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Posts Tagged ‘Ardath Albee’

On September 19, my first book, Balancing the Demand Equation:  The Elements of a Successful, Modern B2B Demand Generation Model, was released on Amazon.

I can honestly say it was a very cool moment in my own personal and professional life, and I am thankful for so many who have helped make this project a reality over the past two-plus years.

So nearly 30 days later, how’s it going?

As background, I wrote the book to help fellow B2B marketers understand and succeed in a challenging modern demand generation environment – a topic I’m obviously passionate about and have been speaking and writing about now for several years. It covers how and why B2B marketing has changed in a Web 2.0 environment, and it provides a framework for building and operationalizing a ‘successful, modern B2B demand generation model.’  (BTW, to download a more-detailed summary of the book and its table of contents, click here.)

Literally, I wrote the book on B2B demand generation that I believed wasn’t out there — but needed to be!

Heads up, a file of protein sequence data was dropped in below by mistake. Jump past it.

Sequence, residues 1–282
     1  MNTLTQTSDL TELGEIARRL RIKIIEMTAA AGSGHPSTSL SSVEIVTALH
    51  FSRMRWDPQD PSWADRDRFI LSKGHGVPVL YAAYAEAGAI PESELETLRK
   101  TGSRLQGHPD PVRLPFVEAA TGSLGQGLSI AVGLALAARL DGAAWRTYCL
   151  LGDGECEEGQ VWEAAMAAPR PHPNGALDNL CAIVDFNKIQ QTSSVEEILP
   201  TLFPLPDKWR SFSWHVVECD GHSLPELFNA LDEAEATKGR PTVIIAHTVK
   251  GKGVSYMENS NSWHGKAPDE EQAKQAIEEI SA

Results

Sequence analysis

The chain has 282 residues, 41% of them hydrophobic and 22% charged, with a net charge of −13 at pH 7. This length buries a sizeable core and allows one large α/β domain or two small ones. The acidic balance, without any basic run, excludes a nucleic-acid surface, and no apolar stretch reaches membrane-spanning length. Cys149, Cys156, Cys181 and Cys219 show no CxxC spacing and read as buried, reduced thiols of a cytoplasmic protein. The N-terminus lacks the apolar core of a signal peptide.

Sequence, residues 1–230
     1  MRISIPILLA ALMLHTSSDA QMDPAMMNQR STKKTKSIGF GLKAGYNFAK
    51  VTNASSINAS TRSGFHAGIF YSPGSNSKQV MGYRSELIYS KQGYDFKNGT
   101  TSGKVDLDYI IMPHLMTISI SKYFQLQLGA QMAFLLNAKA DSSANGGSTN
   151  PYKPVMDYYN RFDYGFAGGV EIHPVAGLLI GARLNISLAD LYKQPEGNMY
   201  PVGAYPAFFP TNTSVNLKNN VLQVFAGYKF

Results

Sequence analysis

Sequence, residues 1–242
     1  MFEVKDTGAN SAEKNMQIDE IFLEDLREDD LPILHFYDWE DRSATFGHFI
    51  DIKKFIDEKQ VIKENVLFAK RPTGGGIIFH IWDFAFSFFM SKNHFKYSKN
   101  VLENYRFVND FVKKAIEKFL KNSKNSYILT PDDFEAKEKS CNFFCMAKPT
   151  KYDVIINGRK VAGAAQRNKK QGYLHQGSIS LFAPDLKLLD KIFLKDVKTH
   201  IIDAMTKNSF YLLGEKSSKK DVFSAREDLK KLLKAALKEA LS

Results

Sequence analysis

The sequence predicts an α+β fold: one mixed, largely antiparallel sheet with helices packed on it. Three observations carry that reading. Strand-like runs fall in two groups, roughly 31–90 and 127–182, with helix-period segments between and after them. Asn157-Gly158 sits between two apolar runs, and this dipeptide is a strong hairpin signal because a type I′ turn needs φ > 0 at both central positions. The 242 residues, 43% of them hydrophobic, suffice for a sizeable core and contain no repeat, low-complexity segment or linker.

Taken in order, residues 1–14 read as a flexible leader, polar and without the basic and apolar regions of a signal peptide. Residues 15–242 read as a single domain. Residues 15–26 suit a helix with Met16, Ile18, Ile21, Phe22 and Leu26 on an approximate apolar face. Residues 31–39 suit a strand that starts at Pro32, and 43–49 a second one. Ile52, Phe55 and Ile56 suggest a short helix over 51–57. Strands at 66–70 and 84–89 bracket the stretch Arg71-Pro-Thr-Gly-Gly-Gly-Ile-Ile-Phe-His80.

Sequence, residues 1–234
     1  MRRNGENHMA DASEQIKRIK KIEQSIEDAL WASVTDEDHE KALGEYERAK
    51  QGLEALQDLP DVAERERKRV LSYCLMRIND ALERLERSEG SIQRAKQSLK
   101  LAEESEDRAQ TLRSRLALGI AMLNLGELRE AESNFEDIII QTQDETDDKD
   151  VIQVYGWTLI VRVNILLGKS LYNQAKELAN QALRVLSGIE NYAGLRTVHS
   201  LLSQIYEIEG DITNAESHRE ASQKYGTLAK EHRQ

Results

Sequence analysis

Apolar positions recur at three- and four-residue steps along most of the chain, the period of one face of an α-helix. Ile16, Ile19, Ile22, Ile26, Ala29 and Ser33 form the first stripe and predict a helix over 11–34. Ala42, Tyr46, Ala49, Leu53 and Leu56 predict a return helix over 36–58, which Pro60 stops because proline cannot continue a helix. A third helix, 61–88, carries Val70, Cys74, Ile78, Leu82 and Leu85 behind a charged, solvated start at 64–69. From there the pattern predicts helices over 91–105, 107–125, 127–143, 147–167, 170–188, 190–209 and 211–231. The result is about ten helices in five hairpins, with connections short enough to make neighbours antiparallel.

I’m thus happy to report that the book has been well-received by the very B2B marketing community it was written for, with strong early sales and some fantastic initial reviews.

But no book release is without its ups and downs.  I’ve had my fair share of supply-chain issues and I’m sure I have frustrated a few people who have tried to order the book.  (And for that I apologize.)  Yet I can’t complain; that’s what happens when your book becomes a top-five bestseller on Amazon!  (Read:  Selling out can be a good problem to have.)

So given all that’s happened in the last 30 days, I thought I’d do a quick round-up and share some highlights, as well as providing an update on availability of the book.

Initial Reviews

Initial reviews have been fantastic.  In fact, I’m humbled by what a number of colleagues in the B2B marketing / marketing technology / demand generation world have written about my book, and I wanted to share their comments with you below:

Ardath Albee (Twitter: @ardath421), Author, eMarketing Strategies for the Complex Sale, wrote on her Marketing Interactions blog:

The simplicity of his approach is admirable. … It’s both strategic enough to help you think through the issues and tactical enough to help you actually do something meaningful to address them.